Carpal tunnel syndrome | Mate kāwititanga o te ringa

Key points about carpal tunnel syndrome

  • Carpal tunnel syndrome (mate kāwititanga o te ringa) is a painful hand condition caused by a pinched nerve in your wrist.
  • It usually starts with a tingling or numbness in your hands and fingers, and becomes increasingly painful.
  • It is 5 times more common in women than in men and occurs most often in people aged between 30 and 60. 
  • It also occurs more often during pregnancy and in people with certain long-term conditions. 
  • It may be brought on by repetitive activities at work, sport or other recreational activities.
  • Treatment aims to reduce pain, tingling and numbness, and restore wrist and hand function.
Wrist support and strapping on right arm
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The main symptoms of carpal tunnel syndrome are thought to be caused by irritation to the median nerve in the carpal tunnel.

The carpal tunnel is a narrow space inside your wrist that is surrounded by bone and ligament. This tunnel protects the finger tendons, nerves and blood vessels where they pass from your forearm into your hand.


Image credit: 123RF

  • With carpal tunnel syndrome, the carpal tunnel swells and compresses the median nerve.
  • This could be caused by thickening of the tendon sheaths, which reduces the amount of space inside the carpal tunnel.
  • As a result, the median nerve may be compressed, and you then feel pain and tingling, particularly on the thumb side of your palm, your thumb and your fingers.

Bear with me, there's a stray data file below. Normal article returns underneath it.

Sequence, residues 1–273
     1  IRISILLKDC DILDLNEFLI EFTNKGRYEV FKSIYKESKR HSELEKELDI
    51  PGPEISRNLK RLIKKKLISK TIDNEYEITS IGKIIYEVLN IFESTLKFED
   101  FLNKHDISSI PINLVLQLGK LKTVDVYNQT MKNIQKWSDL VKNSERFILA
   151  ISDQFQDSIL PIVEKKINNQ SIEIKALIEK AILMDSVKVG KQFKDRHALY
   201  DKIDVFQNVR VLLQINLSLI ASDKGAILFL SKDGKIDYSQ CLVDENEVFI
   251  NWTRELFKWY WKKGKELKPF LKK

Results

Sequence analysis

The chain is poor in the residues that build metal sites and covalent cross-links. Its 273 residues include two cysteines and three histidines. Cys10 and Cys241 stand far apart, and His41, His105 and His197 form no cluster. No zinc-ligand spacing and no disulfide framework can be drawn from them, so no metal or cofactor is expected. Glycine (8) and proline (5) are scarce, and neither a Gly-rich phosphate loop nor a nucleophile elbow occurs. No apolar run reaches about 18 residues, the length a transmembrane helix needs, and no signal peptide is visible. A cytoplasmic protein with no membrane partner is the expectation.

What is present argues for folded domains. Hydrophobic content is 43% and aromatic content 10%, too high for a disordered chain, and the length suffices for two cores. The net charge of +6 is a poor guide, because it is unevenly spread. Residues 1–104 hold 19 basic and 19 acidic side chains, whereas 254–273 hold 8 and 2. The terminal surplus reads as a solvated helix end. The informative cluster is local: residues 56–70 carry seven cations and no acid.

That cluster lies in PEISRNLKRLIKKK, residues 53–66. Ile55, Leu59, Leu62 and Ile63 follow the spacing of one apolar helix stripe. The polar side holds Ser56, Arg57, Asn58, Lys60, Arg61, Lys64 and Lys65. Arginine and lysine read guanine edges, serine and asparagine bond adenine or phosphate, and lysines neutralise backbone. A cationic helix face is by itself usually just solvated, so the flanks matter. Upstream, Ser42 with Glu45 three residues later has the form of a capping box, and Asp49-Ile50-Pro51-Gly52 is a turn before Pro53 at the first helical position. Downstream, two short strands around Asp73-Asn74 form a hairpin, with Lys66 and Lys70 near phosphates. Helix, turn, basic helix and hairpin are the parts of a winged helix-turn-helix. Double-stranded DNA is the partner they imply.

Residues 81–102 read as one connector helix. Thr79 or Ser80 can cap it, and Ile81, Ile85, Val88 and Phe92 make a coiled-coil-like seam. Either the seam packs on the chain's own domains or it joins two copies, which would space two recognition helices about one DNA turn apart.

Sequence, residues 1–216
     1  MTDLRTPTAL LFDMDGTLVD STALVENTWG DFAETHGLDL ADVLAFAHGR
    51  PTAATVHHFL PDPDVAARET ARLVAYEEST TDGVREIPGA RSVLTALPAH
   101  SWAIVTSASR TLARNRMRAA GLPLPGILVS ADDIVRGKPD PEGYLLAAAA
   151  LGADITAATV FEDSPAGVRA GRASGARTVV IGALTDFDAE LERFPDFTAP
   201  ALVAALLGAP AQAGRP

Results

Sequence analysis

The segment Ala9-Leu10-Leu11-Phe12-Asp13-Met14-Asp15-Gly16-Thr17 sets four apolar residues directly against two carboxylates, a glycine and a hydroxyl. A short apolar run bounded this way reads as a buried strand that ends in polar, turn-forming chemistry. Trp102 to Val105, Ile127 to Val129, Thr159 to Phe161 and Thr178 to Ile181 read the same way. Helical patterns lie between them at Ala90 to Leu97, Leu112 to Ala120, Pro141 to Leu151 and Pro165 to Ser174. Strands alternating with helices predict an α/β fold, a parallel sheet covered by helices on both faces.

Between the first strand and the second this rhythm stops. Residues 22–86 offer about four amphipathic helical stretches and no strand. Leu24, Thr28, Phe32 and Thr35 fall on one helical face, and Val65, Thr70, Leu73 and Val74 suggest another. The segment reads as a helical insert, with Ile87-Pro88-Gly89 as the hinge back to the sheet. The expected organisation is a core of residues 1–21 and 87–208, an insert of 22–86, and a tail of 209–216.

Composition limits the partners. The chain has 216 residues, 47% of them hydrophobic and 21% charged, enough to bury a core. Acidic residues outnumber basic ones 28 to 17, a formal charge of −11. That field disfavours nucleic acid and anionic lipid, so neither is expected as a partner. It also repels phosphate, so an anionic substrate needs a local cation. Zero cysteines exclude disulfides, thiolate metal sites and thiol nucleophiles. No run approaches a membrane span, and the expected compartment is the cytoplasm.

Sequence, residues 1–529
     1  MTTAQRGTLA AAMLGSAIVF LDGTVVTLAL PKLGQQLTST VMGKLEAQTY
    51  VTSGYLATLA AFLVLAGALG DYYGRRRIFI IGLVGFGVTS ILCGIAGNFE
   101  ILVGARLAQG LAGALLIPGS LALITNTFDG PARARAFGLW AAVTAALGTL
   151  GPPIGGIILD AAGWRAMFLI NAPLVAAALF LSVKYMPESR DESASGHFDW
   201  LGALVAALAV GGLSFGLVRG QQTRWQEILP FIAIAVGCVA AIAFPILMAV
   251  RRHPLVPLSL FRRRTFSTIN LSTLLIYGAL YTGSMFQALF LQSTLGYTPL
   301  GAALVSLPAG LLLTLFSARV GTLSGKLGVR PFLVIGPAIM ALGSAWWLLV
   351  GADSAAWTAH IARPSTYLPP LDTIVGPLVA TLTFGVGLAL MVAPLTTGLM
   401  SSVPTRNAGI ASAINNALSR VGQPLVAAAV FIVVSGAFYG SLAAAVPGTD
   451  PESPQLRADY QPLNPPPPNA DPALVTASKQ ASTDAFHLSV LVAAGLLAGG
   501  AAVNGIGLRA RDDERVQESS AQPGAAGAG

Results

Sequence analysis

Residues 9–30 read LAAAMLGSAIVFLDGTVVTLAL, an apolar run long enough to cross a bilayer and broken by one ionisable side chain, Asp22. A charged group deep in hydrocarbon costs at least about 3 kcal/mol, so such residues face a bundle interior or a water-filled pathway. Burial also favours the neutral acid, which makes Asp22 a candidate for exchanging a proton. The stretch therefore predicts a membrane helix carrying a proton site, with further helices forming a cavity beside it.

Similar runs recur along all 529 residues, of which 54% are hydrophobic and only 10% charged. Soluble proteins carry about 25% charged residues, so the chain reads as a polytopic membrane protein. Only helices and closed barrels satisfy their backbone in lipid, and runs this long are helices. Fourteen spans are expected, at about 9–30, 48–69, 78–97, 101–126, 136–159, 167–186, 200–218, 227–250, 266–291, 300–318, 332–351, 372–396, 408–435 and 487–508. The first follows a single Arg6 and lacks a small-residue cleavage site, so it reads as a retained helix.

Possible causes of carpal tunnel syndrome

  • Pregnancy: Up to about 50% of pregnant women develop hand and finger pain, possibly due to fluid retention in the carpal tunnel.
  • Injury to your wrist.
  • Other health conditions, such as diabetes, which can make nerves more sensitive, and rheumatoid arthritis, which can cause inflammation of the tendons in your wrist.
  • Repetitive work with your hand.
  • Obesity.
  • Various types of hormonal conditions.
  • A family history of carpal tunnel syndrome. This is because your genes influence things like the anatomical shape of your carpal tunnel.

Carpal tunnel syndrome usually starts with a tingling (pins and needles) or numbness, particularly in your thumb, index finger (forefinger or pointing finger) and middle finger. There may also be general discomfort or numbness in your wrist or arm, and slight weakness of your hand grip. Some people get swelling in their fingers. Symptoms may wake you up at night, but they may also occur during the day. For instance, you may notice symptoms while you are driving or holding a newspaper.

Carpal tunnel syndrome is usually diagnosed by your doctor or physiotherapist. They will perform a physical examination and ask questions to learn more about your symptoms. For example, they will ask about the numbness or tingling you feel, where and when you feel it, and for how long.